May angling has been hot and cold

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Hundreds of anglers from across the state will wet a line in Steamboat and Pearl lakes this weekend.

This traditionally is one of the best times to be at the high-mountain reservoirs 30 miles northwest of Steamboat Springs. This holiday weekend, the fish may or may not be biting.

Area fishing experts say the lakes, surrounded by views of snow-covered peaks, have been on-again, off-again this month.

"That's fishing," Brett Lee said. "We had some guys come in here 10 days ago and say Pearl was the best they've ever seen it. Some guys from the shop went up two days later and didn't do any good."

Lee is one of the owners of Straightline Outdoor Sports in downtown Steamboat.

There is no doubt that Steamboat Lake is full of fish. Despite the drought conditions of the past few years, the reservoir always fills because it drains a large Alpine area and is close to the water's source. It has received more stocked trout than typical in recent summers because other reservoirs have been too low to support the fish.

A Wednesday evening trip to scout Hahn's Peak Lake and Steam-boat Lake produced a single fish. The rainbow was caught out of Hahn's Peak Lake, where a seasonal stream burst from beneath a snowbank and plunged into the lake.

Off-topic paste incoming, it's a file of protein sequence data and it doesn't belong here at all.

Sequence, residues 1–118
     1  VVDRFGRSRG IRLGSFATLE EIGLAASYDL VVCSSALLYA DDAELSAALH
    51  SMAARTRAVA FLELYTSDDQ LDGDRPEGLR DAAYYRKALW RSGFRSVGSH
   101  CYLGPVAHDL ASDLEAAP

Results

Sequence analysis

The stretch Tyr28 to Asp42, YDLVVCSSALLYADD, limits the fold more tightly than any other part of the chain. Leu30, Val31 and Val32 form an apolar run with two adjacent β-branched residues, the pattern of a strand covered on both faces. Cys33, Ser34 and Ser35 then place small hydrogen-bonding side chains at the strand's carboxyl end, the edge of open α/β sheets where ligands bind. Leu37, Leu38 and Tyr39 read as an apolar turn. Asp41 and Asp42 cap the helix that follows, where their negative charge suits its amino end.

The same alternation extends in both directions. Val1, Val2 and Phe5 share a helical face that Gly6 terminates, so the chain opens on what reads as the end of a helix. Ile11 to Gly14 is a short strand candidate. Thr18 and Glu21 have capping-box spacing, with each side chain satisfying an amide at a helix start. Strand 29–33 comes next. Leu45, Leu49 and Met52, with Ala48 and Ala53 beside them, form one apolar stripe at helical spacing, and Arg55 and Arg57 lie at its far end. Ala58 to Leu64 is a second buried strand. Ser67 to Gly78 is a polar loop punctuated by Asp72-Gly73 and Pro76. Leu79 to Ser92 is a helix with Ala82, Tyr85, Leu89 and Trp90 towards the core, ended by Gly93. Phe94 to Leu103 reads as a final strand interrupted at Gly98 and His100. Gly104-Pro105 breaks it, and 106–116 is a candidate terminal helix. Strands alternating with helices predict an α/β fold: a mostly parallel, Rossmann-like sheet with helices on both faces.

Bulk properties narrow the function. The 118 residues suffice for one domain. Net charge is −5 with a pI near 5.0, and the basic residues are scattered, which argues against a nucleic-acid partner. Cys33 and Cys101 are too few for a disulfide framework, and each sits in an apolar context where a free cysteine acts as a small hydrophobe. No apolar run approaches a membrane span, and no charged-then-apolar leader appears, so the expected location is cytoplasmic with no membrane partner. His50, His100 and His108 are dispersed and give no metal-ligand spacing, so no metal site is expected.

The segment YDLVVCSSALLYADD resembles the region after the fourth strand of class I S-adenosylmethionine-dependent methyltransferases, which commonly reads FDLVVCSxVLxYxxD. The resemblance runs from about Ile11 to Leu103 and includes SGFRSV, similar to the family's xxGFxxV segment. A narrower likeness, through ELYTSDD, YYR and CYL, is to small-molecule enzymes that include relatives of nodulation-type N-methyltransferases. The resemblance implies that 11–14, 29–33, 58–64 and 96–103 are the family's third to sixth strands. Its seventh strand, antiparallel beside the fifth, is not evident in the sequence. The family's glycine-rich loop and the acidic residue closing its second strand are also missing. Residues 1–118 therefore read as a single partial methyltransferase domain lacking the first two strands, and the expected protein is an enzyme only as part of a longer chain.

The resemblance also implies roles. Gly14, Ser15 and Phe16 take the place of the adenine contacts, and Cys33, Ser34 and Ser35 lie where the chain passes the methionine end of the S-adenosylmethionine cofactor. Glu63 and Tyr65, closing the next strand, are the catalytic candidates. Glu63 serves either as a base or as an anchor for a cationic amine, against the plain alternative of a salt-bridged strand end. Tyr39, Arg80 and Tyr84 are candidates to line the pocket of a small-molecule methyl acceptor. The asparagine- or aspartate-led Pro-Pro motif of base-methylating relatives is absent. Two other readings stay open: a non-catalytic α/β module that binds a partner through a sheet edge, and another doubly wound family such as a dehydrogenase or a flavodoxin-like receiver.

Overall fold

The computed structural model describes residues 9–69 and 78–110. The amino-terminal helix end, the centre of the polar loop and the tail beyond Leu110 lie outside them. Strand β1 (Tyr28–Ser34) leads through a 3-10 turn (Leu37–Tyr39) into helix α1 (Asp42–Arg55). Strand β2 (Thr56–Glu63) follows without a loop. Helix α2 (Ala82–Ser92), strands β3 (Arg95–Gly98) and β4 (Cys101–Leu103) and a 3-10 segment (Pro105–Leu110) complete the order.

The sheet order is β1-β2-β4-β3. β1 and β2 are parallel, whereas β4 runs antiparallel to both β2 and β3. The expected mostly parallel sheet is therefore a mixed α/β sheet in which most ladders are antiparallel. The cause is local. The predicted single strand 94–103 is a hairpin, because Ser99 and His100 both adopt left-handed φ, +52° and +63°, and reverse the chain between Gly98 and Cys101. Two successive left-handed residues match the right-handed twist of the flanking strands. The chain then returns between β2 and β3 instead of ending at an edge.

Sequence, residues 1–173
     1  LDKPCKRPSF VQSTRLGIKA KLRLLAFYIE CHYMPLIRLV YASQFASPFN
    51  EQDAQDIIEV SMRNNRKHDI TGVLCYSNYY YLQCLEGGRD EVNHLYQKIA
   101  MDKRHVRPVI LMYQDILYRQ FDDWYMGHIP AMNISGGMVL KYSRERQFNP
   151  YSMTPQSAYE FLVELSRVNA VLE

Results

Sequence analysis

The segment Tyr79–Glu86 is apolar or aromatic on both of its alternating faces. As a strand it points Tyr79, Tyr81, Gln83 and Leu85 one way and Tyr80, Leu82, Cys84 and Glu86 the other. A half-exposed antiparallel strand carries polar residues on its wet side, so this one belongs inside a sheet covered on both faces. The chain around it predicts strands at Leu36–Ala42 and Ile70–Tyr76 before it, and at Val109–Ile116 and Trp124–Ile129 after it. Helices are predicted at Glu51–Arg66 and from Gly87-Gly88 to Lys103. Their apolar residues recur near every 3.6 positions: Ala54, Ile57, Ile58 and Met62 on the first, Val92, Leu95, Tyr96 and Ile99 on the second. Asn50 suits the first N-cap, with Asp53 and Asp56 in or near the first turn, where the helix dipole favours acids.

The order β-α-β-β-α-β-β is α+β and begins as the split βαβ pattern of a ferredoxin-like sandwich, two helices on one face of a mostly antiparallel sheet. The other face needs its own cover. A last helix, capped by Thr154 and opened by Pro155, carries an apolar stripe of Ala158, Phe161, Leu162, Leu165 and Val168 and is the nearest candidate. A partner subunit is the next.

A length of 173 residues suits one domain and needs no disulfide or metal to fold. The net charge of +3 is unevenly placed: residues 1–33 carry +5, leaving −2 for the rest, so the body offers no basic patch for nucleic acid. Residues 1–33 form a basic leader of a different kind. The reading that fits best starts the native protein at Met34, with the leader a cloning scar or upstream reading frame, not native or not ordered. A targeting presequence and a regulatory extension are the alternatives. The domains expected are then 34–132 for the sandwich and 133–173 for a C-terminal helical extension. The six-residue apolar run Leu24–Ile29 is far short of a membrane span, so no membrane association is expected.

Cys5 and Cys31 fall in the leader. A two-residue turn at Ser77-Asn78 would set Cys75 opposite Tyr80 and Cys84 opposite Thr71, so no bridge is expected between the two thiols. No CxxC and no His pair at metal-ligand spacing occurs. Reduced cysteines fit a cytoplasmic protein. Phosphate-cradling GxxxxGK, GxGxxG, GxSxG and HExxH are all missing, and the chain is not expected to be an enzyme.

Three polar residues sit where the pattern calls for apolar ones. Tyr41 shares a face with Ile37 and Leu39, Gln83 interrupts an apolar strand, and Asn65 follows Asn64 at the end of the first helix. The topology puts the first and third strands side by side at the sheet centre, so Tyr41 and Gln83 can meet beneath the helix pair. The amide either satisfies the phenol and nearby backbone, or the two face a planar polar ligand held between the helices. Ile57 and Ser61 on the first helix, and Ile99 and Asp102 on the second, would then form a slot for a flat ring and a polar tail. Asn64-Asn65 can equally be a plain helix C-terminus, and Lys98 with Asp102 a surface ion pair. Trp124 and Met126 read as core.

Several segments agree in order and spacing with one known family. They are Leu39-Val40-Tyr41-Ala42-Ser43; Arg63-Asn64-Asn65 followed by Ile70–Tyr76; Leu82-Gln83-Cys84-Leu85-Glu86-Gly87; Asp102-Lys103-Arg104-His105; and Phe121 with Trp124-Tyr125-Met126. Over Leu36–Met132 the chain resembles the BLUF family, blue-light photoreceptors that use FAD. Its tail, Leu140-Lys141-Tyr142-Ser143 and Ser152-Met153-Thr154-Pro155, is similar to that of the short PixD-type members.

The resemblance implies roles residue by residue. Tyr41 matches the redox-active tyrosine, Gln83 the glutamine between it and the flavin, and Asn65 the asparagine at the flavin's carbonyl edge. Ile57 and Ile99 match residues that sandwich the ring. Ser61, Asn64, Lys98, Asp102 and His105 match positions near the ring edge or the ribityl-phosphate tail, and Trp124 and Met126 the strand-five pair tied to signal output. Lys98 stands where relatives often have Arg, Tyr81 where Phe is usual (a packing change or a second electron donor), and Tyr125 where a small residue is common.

Steamboat Lake is brim full, and there are several factors that could be contributing to cold fishing reports, Lee said.

That the lake is so full could mean it has inundated lakeshore areas and flushed out a lot of food for the trout -- small worms, for example. Water clarity is not ideal, and that could explain why, at times, bait fishers are doing very well and fly fishers in float tubes aren't doing well.

"We talked to some guys who were out in float tubes and didn't do well," Lee said. "They moved up into the feeder streams and hammered them. Some people kill those fish, but these guys released them."

In spring, fishing feeder streams can be a controversial subject -- rainbows and cutthroats move up tributaries in the spring to spawn. Lee said they don't have much reproductive success in Steamboat Lake.

Fishing days are long at Steamboat Lake this month -- the sun didn't dip behind Diamond Peak until 8:10 p.m. Wednesday. During the preceding half hour, a few smaller fish came to the surface to take tiny insects that had begun hatching in the twilight. The bugs behaved like micro caddis flies.

The nearly cloudless skies that have prevailed for almost two weeks aren't helping midday fishing.

Steamboat Lake is a magical place this time of year, with sandhill cranes and a variety of waterfowl conducting noisy courtship rituals. Sometimes, the fishing is red hot, as well.

-- To reach Tom Ross call 871-4205 or e-mail tross@steamboatpilot.com

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